The same applies when we offer financial services. In capital markets, you want to attract investors to find investment opportunities in key areas where funds are needed. But in order to adhere to international organisations, such as the regulators association of all the capital market authorities, you also have to be extended. It is not just the operators who have to be extended. The regulators also have to strive hard meet such standards.

In addition to its capital markets, Mauritius is also trying to grow its insurance sector, and pension legislation. As we change and implement laws, we ensure that the stakeholders are also operating at the same level as those who are extended. That continuous dialogue between the operators, regulators, and policymakers is what makes the difference in Mauritius.

TRC: How do you balance the need for this regulation and a well-regulated market, while allowing business growth and balance ensuring investor confidence?

CAH: Investors put their funds in the hands of specialists and fund managers who protect that investment. To carry out an investment, you need trust in the system itself. That is where Mauritius and the FSC play an important role, because we create that framework to ensure trust and confidence in the investors and operators.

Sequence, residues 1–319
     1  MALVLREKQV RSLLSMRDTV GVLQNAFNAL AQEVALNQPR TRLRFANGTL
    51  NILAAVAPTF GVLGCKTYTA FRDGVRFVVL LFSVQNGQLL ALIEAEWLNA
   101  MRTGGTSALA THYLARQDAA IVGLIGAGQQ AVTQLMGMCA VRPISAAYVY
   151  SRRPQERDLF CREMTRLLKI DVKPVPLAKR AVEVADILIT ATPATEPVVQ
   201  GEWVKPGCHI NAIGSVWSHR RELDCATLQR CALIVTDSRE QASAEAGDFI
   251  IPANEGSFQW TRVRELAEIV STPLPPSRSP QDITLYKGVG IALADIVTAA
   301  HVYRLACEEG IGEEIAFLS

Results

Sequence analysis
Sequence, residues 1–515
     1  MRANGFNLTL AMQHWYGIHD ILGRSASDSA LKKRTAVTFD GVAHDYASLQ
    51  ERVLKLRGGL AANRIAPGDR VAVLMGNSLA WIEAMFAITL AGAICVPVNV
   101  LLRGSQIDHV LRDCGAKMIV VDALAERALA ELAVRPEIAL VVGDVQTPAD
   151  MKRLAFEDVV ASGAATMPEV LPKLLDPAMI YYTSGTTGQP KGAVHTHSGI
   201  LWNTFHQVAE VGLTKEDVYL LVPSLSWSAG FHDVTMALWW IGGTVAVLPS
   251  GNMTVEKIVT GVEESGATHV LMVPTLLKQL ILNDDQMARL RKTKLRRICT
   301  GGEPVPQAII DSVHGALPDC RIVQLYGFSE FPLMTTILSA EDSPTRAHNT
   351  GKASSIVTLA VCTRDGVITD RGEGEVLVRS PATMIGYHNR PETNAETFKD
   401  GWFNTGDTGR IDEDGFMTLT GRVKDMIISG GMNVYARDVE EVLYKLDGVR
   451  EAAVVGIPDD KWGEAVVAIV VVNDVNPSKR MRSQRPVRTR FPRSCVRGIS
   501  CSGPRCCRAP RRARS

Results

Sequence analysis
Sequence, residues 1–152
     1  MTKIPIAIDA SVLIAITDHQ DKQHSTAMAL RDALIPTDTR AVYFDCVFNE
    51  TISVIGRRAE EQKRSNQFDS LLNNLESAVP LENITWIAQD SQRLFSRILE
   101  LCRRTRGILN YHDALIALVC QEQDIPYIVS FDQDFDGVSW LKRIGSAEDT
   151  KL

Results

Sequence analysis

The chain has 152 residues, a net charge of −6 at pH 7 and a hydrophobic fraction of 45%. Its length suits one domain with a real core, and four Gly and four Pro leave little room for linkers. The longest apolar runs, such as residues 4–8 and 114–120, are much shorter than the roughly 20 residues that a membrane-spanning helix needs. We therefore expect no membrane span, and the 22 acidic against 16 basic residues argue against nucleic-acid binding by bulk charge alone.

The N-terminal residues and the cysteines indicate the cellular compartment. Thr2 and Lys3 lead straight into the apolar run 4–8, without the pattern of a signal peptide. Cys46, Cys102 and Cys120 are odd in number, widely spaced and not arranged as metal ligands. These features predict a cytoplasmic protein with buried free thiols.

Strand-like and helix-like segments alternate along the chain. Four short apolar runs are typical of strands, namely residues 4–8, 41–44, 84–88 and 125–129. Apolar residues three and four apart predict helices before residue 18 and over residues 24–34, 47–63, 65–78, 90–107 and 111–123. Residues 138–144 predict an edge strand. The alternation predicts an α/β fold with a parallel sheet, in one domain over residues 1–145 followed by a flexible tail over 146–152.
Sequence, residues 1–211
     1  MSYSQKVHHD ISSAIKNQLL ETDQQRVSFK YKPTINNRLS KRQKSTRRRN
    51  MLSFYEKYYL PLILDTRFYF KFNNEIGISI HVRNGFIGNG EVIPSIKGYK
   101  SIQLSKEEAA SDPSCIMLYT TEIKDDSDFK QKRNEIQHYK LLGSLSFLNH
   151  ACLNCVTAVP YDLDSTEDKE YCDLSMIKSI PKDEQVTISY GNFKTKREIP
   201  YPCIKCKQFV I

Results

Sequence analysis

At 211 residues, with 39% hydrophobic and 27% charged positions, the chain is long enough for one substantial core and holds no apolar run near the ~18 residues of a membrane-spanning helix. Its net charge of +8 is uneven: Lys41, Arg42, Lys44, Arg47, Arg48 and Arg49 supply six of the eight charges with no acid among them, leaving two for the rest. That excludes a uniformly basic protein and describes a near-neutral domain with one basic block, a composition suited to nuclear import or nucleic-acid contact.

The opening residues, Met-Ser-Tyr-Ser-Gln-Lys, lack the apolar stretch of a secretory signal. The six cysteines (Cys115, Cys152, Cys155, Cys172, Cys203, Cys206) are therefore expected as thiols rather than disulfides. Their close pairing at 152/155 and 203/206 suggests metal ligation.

Although sometimes when you try to achieve international standards, it might be difficult for people who are not used to financial services. We have to accept that even in Mauritius, there are those who are well-versed and highly skilled in financial services, and those who have no experience in banking. We have to demonstrate that the people of Mauritius can trust their regulators. It is not just about the trust of overseas investors, but local trust in terms of regulators. Everyone knows that these rules are set and accepted internationally. We are objective in our dealings, and that is why people like to work here.